Monday, 7 July 2008

The Ray Lewis fiasco

When it comes to bad judgment, it’s looking like there will be few recent decisions in British government that will rival the Conservatives’ choice to appoint Ray Lewis as deputy mayor of London, holding him up as a shining example of the “new Conservative party.”

Last week’s whirlwind of accusations, denials and subsequent resignation have been a source of embarrassment for the new mayor, and may be a sign of things to come for the office, which was meant to be a showcase for what a Conservative government could do nationally in the UK.

It all started on Thursday, when Channel 4 first informed the mayor by phone that they were preparing a piece on Lewis after several Anglican Bishops informed the station that in the 1990’s, Lewis had been disrobed as an Anglican priest because of sexual and financial misconduct. They said Lewis had borrowed money from several parishioners – an act in itself rather inappropriate – and then left the country without paying it back.

What followed Channel 4's phone call to Johnson was one of the more embarrassing PR train wrecks I’ve seen unfold. Johnson staged a press conference with Lewis to preempt the story’s broadcast that evening, saying he had full confidence in Lewis and vociferously defending him. But one only had to watch Johnson’s face during the following question-and-answer session video below) to see the mayor was already realizing he had made a horrible mistake. As Lewis fielded questions, he started giving contradictory statements, first insisting he wasn’t aware that he had been disrobed and then saying something different. Following the press conference, Lewis did live interviews with Channel 4 and the BBC. I watched both interviews and literally gasped when I saw him say things to the BBC that directly contradicted things he said to Channel 4’s Jon Snow only moments earlier. Lewis was not only out and out lying about whether he knew he had been disrobed and the nature of what happened with the borrowed money, but he was doing so idiotically, directly contradicting what he had just said on live TV moments earlier on a different station.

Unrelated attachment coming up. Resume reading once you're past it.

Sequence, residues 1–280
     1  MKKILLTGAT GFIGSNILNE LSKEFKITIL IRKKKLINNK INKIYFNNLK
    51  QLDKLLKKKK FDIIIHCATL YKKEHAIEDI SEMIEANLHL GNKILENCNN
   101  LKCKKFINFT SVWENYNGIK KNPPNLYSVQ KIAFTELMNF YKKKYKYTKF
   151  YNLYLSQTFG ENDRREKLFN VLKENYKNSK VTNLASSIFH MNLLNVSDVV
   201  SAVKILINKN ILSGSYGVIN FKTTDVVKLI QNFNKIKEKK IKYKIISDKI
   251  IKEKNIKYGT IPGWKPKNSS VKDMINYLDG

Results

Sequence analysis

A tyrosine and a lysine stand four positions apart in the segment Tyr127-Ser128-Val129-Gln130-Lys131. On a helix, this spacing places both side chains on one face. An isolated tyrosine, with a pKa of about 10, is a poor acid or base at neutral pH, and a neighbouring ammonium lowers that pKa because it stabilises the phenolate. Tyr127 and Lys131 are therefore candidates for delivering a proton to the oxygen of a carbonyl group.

By the next morning it was clear Lewis was going to have to go, and sure enough, there he was in front of the TV cameras again to announce his resignation, with Boris nowhere to be seen. Now it’s been revealed Boris is dropping the investigation he said he was launching Thursday. Little wonder. The extent of the allegations is just coming to light today, and this is surely something the Conservatives don't want to talk about any more. The charges include some pretty serious accusations of criminality, including:

-Accused in 1995 of failing to repay £41,000 that he borrowed-from three elderly and disabled parishioners.
-Accused in 1993 of “sexually inappropriate behaviour” with two parishioners while vicar at St. Matthew’s church in West Ham.
-Accused between 2003 and 2008 of being involved in a total of six attacks on young boys attending the Eastside academy.
-Arrested three times in his life: once on suspicion of blackmail, once for two alleged thefts and once for alleged deception during the sale of a house.
-Lied on his resume by falsely claiming to be a magistrate.

His claims to not know anything about these allegations against him have also been shown to be demonstrably false. He had to have known about the ban because in 2000 he made an official application for it to be revoked.